A Baptist Girl’s Guide to Sex, Love and Happiness Review
There are some storytellers who are compelling because of their presentation, the way they carry themselves and move and speak; there are others who just talk about incredibly interesting and well-researched things. Lou Ann manages to do both. Honestly, I would listen to her read the phone book.
Lou Ann recounts her childhood in a conservative Baptist family in northern Indiana, where babies were sent from God and boys’ penises expanded like water balloons and might get stuck inside of you if you weren’t careful. Carefully, lovingly, Lou Ann tells the story of her life, which ranges from the ridiculous to the sad and moving. Sure, everyone’s first period is a traumatic experience, but it’s a shared one among all women. It takes more courage to talk about how her father lost his business and she was forced to marry so she could complete college; how her marriage fell apart when “the fairy tale cracked” and she was forced to see what this next stage of her life would look like.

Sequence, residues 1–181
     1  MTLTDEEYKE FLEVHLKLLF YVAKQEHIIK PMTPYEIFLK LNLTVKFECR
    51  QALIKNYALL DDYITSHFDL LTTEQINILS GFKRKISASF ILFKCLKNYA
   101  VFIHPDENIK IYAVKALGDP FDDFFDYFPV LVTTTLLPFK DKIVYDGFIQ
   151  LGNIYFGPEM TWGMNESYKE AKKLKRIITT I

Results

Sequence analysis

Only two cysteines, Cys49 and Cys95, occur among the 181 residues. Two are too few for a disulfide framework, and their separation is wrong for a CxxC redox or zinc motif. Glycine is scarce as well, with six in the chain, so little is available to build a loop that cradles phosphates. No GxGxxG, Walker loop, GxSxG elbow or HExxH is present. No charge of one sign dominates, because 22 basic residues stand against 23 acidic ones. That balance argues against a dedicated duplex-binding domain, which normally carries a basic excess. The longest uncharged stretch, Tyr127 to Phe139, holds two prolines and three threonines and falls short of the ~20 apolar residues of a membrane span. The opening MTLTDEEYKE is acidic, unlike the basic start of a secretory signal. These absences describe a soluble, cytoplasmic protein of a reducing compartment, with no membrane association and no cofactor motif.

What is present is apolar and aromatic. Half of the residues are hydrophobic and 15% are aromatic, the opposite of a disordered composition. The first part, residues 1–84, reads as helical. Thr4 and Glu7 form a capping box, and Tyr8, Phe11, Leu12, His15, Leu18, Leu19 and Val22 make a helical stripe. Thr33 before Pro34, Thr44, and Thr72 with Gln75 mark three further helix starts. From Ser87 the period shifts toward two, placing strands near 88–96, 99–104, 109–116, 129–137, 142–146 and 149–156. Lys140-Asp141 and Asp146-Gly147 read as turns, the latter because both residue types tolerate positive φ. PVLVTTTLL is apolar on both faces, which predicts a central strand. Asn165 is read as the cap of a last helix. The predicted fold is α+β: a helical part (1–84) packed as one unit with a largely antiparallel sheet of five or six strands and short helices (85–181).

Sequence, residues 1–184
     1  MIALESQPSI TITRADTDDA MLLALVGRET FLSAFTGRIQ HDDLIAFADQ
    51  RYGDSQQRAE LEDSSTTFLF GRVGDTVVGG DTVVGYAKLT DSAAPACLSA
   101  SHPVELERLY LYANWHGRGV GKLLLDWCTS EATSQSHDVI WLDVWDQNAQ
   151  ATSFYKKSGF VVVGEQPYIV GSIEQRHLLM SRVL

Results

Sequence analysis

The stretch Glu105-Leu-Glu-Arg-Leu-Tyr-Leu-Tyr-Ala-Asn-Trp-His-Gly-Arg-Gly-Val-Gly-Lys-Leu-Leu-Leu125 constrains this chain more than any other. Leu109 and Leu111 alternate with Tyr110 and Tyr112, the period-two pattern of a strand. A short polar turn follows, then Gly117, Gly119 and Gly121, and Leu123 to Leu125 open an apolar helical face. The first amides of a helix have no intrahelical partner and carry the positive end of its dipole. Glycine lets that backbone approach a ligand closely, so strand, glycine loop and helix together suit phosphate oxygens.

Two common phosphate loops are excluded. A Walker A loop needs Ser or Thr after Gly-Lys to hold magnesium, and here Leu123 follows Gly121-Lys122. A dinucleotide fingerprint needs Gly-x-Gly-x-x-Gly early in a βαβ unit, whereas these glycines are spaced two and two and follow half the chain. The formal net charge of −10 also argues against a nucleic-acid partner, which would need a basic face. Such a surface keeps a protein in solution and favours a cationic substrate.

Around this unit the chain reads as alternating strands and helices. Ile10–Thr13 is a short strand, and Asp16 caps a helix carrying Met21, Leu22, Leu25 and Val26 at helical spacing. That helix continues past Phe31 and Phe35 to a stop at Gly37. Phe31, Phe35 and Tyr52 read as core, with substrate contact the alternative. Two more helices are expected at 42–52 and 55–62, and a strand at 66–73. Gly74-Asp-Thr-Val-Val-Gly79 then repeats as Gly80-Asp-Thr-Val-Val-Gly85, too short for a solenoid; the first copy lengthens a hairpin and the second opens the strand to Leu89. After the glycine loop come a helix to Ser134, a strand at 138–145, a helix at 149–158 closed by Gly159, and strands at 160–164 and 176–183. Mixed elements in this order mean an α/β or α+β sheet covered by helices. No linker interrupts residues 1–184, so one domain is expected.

At the heart of Lou Ann’s telling is the idea of happy endings. What are they? Are they possible? Are they even desirable? In the end, the conclusion is that happiness is possible, even when things are their bleakest. But it’s the ending Lou Ann questions. Happiness is always just the beginning.
Whether you call it a storyteller, a one-woman show or just a splendid afternoon, you should check out Lou Ann’s show. It’s gently funny, moving and a perfect snapshot of what it was like to grow and blossom from a strict upbringing and a set worldview into an independent woman who lives life on her own terms. Will she ever find her own happily ever? That’s really beside the point. She’s got the happy part, and that’s all that matters.
Check out the rest of Lou Ann’s shows.
Disclosure: Lou Ann Homan’s show is sponsored in part by Storytelling Arts. I serve on their board.